Pediatric Foot Problems - Types & Causes
Warts are contagious lesions caused by direct contact with the human papilloma virus. They are usually found on the sole (plantar surface) of the foot. Warts bleed easily and may or may not be painful. They often can be identified by their well-defined borders and little black spots (Figure 1). With time, they can enlarge and multiply. Warts are easier to eradicate when they are small and few in number.
Over the counter medications contain salicylic acid to eat away at warts. These preparations are more successful with warts that occur on areas of the foot with thinner skin than the soles. If the warts do not respond to over the counter medications, stronger topical medications applied by the podiatrist will be indicated. Surgical techniques are rarely used by the doctors of North Shore Foot & Ankle to treat warts.
Athlete's Foot (Tinea pedis)
Athlete's foot is a fungal infection of the skin. It is contagious and is commonly contracted walking barefoot in locker rooms and around swimming pools. The fungus thrives in a dark, warm, moist environment like the inside of a shoe. For that reason, feet that perspire excessively are more susceptible to athlete's foot.
Athlete's foot lesions can appear in many forms. If you have cracks between the toes, raised red spots, or small blisters on your feet (Figure 2), suspect athlete's foot. The lesions are usually, but not always itchy.
Treatment starts with good hygiene. Wash your feet daily, and dry carefully, especially between the toes. According to the doctors of North Shore Foot & Ankle, the best over the counter fungicides are Lamisil® and Lotrimin®. Use them twice daily for at least two weeks, even if the condition improves sooner. If the infection has not improved after a few days, consult a podiatrist immediately. Stronger topical medications can be prescribed. On occasion, an oral fungicide will be necessary treat resistant cases of athlete's foot.
Metatarsus Adductus and Clubfoot
These two conditions are usually diagnosed in infancy. In both, the feet turn inward (Figure 3). In clubfoot, the soles actually face each other. Initial treatment can include serial casting, in which a series of casts are applied to the infant's foot, increasingly influencing it to move into normal alignment over an eight to 16 week period. In more severe cases, surgery is performed to realign the bones of the feet.
Also called "pigeon toed", the presence of in-toeing means that the bones of the foot, leg, or thigh are pointed inward, or there is excessive internal rotation at the joints in the foot, ankle, knee or hip. Sometimes, the condition is outgrown as the child develops. Treatment becomes necessary if the condition persists, and causes difficulties with walking or running. For example, children who in-toe often trip and fall frequently. Depending on the cause and severity of the in-toeing, the doctors of North Shore Foot & Ankle treat the condition with stretching exercises, orthotics (custom supports), or surgery.
Out-toeing is normal in toddlers who are beginning to walk, because a wide, out-toed stance provides better balance and stability. If the condition persists, it means that the bones of the foot, leg, or thigh are pointed outward, or there is excessive external rotation at the joints in the foot, ankle, knee or hip. Out-toeing responds more readily than in-toeing to orthotics (custom supports).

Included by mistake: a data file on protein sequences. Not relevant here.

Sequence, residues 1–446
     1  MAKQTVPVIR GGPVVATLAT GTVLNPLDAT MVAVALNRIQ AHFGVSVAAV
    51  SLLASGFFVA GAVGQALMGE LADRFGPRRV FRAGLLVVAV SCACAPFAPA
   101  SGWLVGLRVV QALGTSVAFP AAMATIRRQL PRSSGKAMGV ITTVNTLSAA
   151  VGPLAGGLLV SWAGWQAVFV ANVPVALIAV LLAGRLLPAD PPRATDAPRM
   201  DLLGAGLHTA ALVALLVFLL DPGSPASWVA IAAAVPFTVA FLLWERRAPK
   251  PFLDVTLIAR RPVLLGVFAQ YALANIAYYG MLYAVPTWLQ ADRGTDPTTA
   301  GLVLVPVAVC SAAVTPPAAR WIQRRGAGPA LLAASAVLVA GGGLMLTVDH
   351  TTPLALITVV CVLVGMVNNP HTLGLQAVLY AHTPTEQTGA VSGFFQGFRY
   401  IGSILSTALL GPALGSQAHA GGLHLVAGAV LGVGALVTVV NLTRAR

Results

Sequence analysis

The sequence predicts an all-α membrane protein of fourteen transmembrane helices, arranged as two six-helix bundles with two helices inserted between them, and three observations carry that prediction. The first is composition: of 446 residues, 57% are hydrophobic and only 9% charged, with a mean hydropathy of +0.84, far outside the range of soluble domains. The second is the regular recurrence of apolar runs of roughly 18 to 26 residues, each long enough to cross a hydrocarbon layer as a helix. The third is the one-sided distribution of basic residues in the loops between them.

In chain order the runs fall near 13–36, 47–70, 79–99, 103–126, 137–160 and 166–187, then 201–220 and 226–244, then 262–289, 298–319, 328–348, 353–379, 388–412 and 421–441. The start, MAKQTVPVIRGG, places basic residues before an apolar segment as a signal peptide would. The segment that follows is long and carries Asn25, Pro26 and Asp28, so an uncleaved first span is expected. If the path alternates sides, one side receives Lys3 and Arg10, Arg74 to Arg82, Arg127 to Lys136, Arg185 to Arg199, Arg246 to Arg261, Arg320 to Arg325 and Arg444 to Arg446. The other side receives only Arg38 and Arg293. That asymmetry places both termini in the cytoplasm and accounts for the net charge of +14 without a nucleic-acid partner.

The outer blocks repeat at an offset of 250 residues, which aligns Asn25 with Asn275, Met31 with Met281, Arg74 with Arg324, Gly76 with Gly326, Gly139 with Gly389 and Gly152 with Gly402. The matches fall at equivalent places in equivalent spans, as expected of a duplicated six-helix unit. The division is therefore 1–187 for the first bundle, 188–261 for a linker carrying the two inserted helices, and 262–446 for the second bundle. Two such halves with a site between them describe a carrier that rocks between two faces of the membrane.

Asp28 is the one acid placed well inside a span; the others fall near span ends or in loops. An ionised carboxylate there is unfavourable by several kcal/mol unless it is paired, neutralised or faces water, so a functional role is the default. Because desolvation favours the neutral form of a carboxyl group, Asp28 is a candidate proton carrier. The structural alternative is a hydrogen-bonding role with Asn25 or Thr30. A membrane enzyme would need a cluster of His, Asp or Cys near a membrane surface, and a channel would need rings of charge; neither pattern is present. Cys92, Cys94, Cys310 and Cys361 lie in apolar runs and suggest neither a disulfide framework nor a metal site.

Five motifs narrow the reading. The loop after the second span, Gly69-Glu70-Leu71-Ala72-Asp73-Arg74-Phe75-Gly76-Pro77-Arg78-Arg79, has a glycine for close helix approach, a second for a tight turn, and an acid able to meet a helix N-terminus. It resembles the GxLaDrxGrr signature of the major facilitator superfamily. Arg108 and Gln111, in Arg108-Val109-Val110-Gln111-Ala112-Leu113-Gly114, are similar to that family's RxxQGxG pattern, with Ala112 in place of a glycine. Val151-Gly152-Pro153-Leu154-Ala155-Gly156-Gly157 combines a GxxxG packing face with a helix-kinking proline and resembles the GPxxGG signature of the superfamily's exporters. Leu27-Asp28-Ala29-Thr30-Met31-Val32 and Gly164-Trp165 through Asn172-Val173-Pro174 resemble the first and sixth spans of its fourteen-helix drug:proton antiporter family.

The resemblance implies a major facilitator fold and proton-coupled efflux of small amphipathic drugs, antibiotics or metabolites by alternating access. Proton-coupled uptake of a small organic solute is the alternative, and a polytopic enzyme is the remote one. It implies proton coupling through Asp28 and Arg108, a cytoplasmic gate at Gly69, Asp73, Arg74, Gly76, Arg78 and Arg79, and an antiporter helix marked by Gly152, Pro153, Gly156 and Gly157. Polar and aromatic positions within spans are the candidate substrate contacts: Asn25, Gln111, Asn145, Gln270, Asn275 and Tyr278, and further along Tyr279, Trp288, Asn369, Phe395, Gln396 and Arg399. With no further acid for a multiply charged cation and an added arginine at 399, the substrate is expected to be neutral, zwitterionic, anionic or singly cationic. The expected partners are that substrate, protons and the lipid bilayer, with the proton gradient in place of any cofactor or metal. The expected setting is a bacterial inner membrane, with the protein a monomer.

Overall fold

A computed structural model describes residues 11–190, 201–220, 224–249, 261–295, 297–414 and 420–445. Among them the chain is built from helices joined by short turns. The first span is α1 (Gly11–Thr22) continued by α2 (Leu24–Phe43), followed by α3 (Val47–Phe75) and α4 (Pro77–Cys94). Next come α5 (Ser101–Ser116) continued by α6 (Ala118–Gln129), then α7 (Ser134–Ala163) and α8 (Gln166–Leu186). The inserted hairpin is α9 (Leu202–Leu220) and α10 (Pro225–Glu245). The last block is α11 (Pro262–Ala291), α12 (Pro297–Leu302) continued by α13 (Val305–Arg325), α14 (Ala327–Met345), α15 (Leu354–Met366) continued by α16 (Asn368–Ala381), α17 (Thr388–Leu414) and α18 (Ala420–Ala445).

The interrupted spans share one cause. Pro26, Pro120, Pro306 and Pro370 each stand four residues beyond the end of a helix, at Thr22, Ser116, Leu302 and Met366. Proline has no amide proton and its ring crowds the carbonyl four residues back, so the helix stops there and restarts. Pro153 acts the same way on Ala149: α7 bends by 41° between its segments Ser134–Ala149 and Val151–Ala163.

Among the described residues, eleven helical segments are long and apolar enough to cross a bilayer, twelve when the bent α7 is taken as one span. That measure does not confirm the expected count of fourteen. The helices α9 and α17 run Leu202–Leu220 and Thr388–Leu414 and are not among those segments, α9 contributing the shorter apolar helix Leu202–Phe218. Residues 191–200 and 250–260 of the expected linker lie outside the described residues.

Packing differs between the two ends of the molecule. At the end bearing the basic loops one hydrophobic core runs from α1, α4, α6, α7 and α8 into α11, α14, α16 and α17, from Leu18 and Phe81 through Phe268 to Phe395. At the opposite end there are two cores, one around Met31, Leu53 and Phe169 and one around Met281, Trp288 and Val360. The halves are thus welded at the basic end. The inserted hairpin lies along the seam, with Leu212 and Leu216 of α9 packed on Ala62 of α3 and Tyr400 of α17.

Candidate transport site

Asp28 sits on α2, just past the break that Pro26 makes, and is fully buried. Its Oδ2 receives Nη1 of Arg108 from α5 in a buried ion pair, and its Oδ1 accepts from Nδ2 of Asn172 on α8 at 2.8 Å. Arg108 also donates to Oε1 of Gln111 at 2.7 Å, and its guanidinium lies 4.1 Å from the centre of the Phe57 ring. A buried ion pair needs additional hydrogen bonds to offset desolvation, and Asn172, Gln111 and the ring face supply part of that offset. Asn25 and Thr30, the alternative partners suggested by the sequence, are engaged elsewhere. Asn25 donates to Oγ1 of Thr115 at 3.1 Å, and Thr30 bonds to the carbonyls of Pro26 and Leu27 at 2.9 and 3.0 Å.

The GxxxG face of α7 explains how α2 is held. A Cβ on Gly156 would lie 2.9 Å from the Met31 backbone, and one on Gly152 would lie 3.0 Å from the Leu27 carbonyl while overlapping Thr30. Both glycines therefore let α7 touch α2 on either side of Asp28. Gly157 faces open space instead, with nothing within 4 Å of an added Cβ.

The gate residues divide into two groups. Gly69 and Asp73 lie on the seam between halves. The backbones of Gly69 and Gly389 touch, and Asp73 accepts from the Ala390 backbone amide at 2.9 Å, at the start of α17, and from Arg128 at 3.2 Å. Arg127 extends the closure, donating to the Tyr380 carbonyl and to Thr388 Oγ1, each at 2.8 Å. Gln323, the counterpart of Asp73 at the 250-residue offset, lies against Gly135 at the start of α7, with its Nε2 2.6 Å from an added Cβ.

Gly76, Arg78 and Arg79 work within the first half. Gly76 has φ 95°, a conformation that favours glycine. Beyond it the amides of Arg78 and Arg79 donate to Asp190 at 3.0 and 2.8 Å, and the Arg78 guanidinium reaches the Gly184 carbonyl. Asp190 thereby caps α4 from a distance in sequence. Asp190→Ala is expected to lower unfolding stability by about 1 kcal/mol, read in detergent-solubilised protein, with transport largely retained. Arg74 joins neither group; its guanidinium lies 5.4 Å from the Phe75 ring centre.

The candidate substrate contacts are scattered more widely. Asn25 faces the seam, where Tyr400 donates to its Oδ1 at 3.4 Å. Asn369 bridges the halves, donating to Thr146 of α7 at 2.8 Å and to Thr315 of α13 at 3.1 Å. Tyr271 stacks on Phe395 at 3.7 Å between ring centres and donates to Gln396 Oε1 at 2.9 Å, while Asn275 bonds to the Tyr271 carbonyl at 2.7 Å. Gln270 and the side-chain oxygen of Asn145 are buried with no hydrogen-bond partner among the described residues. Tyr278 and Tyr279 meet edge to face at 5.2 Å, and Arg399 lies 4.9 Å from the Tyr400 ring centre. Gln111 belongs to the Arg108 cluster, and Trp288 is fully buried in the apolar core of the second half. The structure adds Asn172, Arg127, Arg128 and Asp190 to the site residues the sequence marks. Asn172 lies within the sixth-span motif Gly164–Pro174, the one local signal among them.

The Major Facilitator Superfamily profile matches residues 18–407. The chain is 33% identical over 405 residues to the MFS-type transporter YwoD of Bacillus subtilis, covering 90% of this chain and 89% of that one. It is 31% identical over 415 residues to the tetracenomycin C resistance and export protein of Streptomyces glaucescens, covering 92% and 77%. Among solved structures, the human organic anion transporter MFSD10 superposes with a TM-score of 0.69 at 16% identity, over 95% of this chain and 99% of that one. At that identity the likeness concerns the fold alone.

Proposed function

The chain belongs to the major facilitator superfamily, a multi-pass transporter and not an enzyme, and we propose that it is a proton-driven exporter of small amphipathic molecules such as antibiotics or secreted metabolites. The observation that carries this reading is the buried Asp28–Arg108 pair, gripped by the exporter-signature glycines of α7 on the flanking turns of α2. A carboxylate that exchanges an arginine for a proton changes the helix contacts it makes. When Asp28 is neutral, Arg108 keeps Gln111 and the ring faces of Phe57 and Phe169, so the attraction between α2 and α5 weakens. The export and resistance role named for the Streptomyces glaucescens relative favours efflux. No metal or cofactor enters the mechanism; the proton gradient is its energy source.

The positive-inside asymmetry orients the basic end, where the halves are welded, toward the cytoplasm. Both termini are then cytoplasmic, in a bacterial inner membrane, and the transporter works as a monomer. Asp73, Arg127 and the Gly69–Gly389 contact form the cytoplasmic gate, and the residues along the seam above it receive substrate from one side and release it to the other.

This is a condition in which one or more of the small toes overlap or underlap the adjacent toes (Figure 4). Simple toe splints (Figure 5) are effective when treatment begins at an early age. Older children may require surgery to relocate the toes.
Pediatric Heel Pain (Calcaneal Apophysitis)
At about 10 years of age, a growth plate in the heel (Figure 6, arrow) separates into two growth centers. The smaller growth center (the apophysis) is a wafer of bone that is very prone to injury from sports and other activity. This is a common and often undiagnosed cause of heel pain in the pre-adolescent. After a few years, the growth center will close and the pain will disappear. But, there is no reason to allow the child to be in pain during that time, since calcaneal apophysitis responds to orthotics (custom supports) that cushion the heel and reduce the pull of ligaments and tendons on the heel bone.
Night Cramps in the Legs (Growing Pains)
Many young children complain of leg pains, especially at night. These are often called "growing pains" by parents and physicians when no other diagnosis is apparent. The muscles that support the feet are located in the legs. When the feet flatten more than they should, these muscles work overtime in an attempt to "hold up" the arches. The result is muscle strain, which is most noticeable at night. Night cramps in the legs respond to orthotics (custom supports).
Flat Feet (Pronation)
This is the most common cause of general foot pain and fatigue, arch pain, leg cramps, and awkward gait. Flat feet are also the precursors of bunions, hammertoes, heel spurs, and other structural deformities. Pronation is treated with orthotics (custom supports). In severe cases, an implant is surgically placed into a joint beneath the ankle to restrict pronation. The doctors of North Shore Foot & Ankle may not recommend treatment if the child has no symptoms and there is no family history of structural deformity.
Children who walk on their toes usually have a tight heel cord (Achilles tendon). Uncommon neurologic conditions can also cause toe walking. Treatment begins with stretching exercises to lengthen the Achilles tendon. In cases that are unresponsive to conservative care, surgery is performed to lengthen the heel cord.